On the Question of Trust, Sharks, Users and Takers

SharkWeekFeature1So often I am reminded of a conversation I had with a long-term mentor of mine almost two years ago.  “How do you discern who you can trust?” he asked.  How indeed, I thought silently to myself.

My answer then, as it remains, was that it was less important to know where others are coming from than to live and lead from a place of solid centeredness and confidence in our own values.  Still, as I continue to learn and grow, I am increasingly aware that there are those who cannot be trusted in our interactions, no matter how worthy our own intentions, motivations and actions.  Regardless of why, there are those who routinely undermine others – without regard for consequence, without provocation, and often without warning.  Sharks, users, takers, and players.  The world is filled with them, just as it is filled with those who work to lead and live from a spirit of humility, service and love.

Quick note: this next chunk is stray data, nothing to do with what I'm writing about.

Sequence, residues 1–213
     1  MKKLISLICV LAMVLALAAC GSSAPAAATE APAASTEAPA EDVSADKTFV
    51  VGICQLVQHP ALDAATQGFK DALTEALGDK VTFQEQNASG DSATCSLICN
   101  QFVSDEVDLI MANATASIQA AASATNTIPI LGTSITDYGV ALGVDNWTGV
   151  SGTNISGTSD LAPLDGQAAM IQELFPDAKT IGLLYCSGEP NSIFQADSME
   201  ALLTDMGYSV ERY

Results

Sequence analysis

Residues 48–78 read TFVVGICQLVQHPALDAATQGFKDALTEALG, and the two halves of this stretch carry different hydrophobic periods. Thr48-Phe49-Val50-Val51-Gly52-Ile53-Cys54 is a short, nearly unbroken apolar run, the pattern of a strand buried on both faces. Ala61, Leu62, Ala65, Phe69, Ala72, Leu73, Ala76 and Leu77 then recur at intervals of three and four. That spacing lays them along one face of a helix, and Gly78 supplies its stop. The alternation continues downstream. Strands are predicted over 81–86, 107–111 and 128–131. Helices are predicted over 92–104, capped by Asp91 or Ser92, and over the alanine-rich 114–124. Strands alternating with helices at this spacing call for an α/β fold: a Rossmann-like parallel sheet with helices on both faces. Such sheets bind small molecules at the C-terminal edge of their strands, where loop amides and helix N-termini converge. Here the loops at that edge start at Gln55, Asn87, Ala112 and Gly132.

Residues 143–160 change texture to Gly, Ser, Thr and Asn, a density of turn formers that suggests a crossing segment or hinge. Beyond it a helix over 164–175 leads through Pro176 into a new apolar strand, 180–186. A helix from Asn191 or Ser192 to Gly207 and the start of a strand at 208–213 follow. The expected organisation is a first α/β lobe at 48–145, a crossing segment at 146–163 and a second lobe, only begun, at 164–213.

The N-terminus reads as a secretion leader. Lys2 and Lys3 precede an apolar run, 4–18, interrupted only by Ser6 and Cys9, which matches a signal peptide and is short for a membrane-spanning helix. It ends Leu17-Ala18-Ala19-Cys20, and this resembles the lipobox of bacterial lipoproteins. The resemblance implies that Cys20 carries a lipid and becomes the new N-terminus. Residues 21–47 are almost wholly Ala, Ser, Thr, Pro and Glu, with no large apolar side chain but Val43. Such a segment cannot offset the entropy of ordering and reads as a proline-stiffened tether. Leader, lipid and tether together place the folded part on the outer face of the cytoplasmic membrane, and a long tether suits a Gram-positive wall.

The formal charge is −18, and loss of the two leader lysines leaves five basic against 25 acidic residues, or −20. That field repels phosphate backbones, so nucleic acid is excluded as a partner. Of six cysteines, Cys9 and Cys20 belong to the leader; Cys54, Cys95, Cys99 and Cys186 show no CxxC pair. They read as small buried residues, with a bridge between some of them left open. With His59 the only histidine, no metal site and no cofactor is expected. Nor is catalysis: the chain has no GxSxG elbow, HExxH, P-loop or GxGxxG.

Admittedly, I used to plague myself with trying to understand why some people behave badly, as if understanding alone would change the outcome or somehow justify their behavior. (I would also spend a great deal of energy complaining or feeling victimized by the person’s behavior, too.) But let’s get real.  Whatever the ‘whys’; whatever wrongs may have been done to them in the past by others that now lead them to act in a similar fashion; whatever their sense of entitlement or justification; bad behavior is still bad behavior, and questionable character rarely changes.